Q: Why do we say a blonde has blonde hair, but we never say a brunette has brunette hair? It’s always brown. Also, most nouns that describe people by hair color, certainly blonde and brunette, apply to women exclusively.
A: In answer to your first question, each of these words—“blond” (or “blonde”) and “brunet” (or “brunette”)—is both a noun and an adjective, according to standard dictionaries.
So it’s legitimate to say a person has “brunet” (or “brunette”) hair, although the word is used mostly as a noun (“She is a brunette”), and less often as an adjective (“She has brunette hair”).
Why isn’t “brunet” or “brunette” used more often as an adjective? Probably because “brown,” a good old Anglo-Saxon word, does a better job (“She has brown hair”). It’s a simpler, more familiar adjective, so there’s little need for “brunet” or “brunette.”
“Blond” or “blonde,” on the other hand, is an indispensable adjective, since there’s no better substitute.
Besides, it covers a lot of territory, from platinum to light chestnut, unlike some of the wordier alternatives: “yellow-haired,” “golden-haired,” “flaxen-haired,” “sandy-haired,” etc.
Now, about those spellings. The pairs are pronounced alike, but the different endings reflect the masculine and feminine forms in French.
In American English, according to dictionaries and usage guides, the nouns “blond” and “brunet” are used in reference to boys and men, while “blonde” and “brunette” are applied to girls and women.
The adjectives may or may not reflect gender—some guides recommend “blond” and “brunet” for both sexes, while some call for gendered adjectives.
In modern British usage, the Oxford English Dictionary notes, “the form blonde is now preferred in all senses.”
As we hinted above, these words came into English from French, but their earlier sources were not Gallic.
The French blond (feminine blonde) can be traced to the medieval Latin blondus or blundus (yellow).
The origin of the medieval Latin is uncertain, according to the OED, but other etymological sources suggest convincingly that it’s ultimately Germanic.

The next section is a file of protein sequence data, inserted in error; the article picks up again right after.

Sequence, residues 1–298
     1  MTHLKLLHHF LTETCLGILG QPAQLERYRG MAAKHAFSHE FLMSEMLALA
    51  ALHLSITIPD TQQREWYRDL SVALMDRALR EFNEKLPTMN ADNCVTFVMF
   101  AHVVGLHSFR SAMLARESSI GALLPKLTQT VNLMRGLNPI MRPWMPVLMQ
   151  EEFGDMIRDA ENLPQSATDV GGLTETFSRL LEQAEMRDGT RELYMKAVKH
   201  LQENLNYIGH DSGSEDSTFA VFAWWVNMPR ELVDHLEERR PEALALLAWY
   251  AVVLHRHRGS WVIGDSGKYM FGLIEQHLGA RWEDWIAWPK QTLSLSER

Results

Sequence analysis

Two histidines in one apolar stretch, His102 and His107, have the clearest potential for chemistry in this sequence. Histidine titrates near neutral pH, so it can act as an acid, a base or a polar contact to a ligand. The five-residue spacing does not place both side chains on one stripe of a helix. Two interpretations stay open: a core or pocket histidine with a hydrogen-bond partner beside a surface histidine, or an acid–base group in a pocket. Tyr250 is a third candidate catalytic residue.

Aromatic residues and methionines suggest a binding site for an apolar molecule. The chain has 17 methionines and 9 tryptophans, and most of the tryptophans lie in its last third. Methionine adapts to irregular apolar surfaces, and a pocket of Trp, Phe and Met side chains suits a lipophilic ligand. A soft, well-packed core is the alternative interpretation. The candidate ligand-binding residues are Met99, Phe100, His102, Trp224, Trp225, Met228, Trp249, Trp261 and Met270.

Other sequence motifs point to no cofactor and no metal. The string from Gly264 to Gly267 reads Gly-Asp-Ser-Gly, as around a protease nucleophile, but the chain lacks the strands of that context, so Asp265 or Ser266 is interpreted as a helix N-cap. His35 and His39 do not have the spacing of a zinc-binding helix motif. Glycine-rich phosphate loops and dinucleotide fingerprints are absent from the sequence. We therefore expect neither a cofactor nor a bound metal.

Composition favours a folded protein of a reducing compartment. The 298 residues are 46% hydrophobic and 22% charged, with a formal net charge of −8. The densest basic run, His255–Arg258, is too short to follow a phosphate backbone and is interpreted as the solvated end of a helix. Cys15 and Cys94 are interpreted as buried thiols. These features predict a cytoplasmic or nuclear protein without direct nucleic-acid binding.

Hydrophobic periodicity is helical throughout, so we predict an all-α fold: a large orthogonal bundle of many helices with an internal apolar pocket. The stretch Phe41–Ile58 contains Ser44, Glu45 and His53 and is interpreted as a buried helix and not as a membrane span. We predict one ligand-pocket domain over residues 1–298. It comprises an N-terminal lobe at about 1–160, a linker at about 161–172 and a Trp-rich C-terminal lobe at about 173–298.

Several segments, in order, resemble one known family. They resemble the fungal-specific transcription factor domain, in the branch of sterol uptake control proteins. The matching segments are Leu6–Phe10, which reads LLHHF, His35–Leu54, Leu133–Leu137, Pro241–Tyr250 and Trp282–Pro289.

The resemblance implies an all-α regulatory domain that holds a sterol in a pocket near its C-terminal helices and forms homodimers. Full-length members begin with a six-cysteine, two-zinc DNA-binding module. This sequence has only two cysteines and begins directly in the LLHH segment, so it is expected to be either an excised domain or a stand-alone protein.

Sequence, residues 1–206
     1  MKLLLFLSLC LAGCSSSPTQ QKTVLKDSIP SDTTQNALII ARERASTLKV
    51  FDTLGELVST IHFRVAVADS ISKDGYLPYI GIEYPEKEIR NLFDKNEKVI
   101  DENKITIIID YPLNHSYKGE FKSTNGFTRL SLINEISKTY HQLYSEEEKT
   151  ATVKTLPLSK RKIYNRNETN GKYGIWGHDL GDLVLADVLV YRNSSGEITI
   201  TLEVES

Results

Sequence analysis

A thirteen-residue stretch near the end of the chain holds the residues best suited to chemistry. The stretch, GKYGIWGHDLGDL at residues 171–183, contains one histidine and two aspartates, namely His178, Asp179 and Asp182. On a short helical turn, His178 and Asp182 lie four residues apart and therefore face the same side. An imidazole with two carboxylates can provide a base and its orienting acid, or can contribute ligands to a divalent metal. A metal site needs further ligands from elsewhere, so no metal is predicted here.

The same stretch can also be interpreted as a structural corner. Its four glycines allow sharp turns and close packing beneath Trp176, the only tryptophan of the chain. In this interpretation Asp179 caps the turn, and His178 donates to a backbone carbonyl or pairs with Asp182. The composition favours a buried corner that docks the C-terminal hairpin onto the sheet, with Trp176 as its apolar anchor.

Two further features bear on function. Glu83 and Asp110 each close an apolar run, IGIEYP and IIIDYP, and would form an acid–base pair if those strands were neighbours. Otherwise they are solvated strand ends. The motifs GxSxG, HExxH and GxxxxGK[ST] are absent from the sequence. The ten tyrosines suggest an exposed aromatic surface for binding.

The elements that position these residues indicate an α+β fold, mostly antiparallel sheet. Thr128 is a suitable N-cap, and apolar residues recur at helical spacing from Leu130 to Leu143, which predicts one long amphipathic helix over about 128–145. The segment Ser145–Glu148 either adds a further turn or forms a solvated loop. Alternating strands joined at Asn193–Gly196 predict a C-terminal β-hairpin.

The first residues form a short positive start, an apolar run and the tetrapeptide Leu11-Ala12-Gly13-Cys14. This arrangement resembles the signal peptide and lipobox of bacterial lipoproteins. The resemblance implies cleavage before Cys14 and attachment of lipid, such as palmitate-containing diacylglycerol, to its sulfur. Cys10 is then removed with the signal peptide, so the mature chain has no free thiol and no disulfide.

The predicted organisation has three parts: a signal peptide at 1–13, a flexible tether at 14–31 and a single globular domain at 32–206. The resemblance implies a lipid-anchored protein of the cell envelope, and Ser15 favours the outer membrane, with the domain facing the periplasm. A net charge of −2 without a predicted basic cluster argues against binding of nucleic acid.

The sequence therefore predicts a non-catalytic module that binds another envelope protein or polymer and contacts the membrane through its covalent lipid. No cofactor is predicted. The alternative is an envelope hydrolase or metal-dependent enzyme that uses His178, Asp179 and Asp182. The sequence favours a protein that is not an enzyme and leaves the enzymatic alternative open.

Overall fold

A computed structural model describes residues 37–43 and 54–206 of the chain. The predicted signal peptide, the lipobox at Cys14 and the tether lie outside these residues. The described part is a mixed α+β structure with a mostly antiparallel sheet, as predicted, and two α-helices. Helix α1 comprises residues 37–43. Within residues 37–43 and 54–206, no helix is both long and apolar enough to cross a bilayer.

The French brunet (feminine brunette) is a diminutive of brun (brown), a word that came into French around 1100 from Germanic sources—“brown” was brun in Old English.
So when modern English borrowed “brunet” and “brunette” from French, it was simply borrowing a form of a word it already had—at least as an adjective.
In English, “blond”/“blonde” was first on the scene, and “brunet”/“brunette” came later.
An adjective spelled “blounde” was recorded a couple of times in the 1480s, but it soon disappeared. The adjective was re-introduced into English from modern French in the 17th century in masculine and feminine forms.
The noun first showed up in the 1820s in the feminine form. The earliest OED citation, from an 1822 issue of the Edinburgh Review, refers to “Brenda, the laughing blue-eyed blonde.”
The dictionary defines the term as “a person with blond hair; one with light or ‘fair’ hair and the corresponding complexion; esp. a woman, in which case spelt blonde.”
The adjective “brunette” was first recorded in English in 1712, the noun in 1713. But the masculine “brunet” wasn’t recorded until the late 19th century, Oxford says, the adjective in 1887 and the noun in 1890.
Those dates should tell you something. Even in olden times, a woman was more likely to be called a “blonde” or “brunette” than a man was to be called a “blond” or a “brunet.”
And today, as you suggest, when we hear those nouns we assume that a woman is being referred to, not a man.
We’ve seen some scholarly studies on hair-color stereotypes, but nothing on this specific subject. However, we assume that sexual stereotyping is responsible for the tendency to characterize women, but generally not men, in terms of hair color.
Seldom do we hear a short man with red hair described as “a petite redhead,” or a tall man with brown hair called “a leggy brunet,” or a buff, light-haired guy characterized as “a shapely blond.”
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